French election 2022: Misinformation spreads online ahead of the first round vote

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France's first round of the presidential election takes place on April 10.

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Amid Russia’s invasion of Ukraine and following the devastating COVID-19 pandemic, emotions in France’s political sphere are arguably higher than ever

Analysts have suggested that the upcoming 2022 presidential election has more weight than ever for Europe, given that France holds the European Union presidency until July.

As is common for election campaigning, misinformation and false claims have woven their way into political debates and online conversations.

Thousands of social media users have shared the false claim that Dominion’s electronic voting equipment would be used to validate the results of the first round of voting even though France has never used the company in elections.

The Canadian company had been falsely accused by former US President Donald Trump and his supporters of facilitating widespread electoral fraud during the 2020 election.

Dominion Voting Systems have always denied the unfounded allegations and they later claimed over €1 billion in damages for defamation.

False claims about the election being “stolen” have appeared on a variety of social media groups supporting far-right candidates Marine Le Pen, Eric Zemmour, or left-wing hopeful Jean-Luc Melenchon.

Some far-right accounts — echoing Trump’s claims — had voiced concerns about Dominion being used to manage France’s election.

Users on Facebook, Twitter, and Vkontakte have relayed claims made by Russia’s foreign ministry that the election would be “totally rigged”. The rumours led the word “Dominion” to become a trending subject on French Twitter in mid-March.

But the French Interior Ministry has categorically denied that Dominion systems will be used.

Euronews via TwitterDozens of accounts have spread false claims about Dominion voting systems in France.Euronews via Twitter

“The Ministry of the Interior does not and has never called on the services of the Dominion company in the context of the organisation of the elections,” a statement read.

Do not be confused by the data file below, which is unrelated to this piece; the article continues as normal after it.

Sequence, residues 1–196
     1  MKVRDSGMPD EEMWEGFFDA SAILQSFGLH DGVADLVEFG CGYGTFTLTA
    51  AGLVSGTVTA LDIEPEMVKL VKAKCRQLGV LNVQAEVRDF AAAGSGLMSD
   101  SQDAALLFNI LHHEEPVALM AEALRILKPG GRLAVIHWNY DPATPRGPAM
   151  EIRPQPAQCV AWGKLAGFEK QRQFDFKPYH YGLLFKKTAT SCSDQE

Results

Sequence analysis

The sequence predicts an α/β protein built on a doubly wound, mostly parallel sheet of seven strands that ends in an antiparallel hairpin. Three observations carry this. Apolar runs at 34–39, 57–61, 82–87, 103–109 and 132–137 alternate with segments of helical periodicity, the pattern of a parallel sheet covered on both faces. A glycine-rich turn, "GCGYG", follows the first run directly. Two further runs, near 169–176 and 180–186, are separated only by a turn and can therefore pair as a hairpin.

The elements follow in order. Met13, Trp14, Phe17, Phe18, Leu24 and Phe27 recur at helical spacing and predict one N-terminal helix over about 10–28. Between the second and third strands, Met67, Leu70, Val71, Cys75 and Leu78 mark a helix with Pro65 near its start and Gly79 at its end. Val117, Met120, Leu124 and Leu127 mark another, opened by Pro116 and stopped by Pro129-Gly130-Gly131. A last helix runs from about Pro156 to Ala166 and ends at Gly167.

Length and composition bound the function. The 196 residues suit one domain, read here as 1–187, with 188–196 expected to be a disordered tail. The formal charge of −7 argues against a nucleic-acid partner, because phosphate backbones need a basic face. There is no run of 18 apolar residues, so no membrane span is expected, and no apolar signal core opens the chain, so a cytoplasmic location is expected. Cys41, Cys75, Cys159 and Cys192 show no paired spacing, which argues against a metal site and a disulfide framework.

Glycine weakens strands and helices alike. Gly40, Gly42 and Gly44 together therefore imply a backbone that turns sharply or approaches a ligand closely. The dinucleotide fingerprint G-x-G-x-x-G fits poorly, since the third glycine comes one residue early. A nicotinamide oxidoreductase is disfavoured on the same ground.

“The results of the counting of the votes in each municipality are communicated in real-time … by means of computer systems for centralising the results developed by the [ministry] computer services for several years.”

“[These] are the subject of tests and security approval of the National Agency for the Security of Information Systems (L’ANSSI) in particular in order to avoid any attempt at manipulation.”

Dominion makes no reference to any contract with French authorities on its website, while Paris has said that it does not use external services to count ballots.

Unfounded rumours of “election fraud” are not uncommon in Europe and appeared recently ahead of elections in both Germany and the Netherlands.

French President Emmanuel Macron has previously warned that election misinformation poses a threat to democracy, and has argued that those responsible for spreading “fake news” online should be held accountable and possibly brought to justice.

The French government last year created a specific agency to combat foreign disinformation, while independent fact-checkers have also been stepping up their efforts ahead of the April election.

“Misinformation about voting continues to flourish online – in the US of course — but in Europe too,” Chine Labbe, Managing Editor at NewsGuard, wrote in 2020.

“And just as it threatens the essence of American democracy, it is also threatening to sow distrust in the electoral process in Europe ahead of crucial elections.”

Additional sources • AFP

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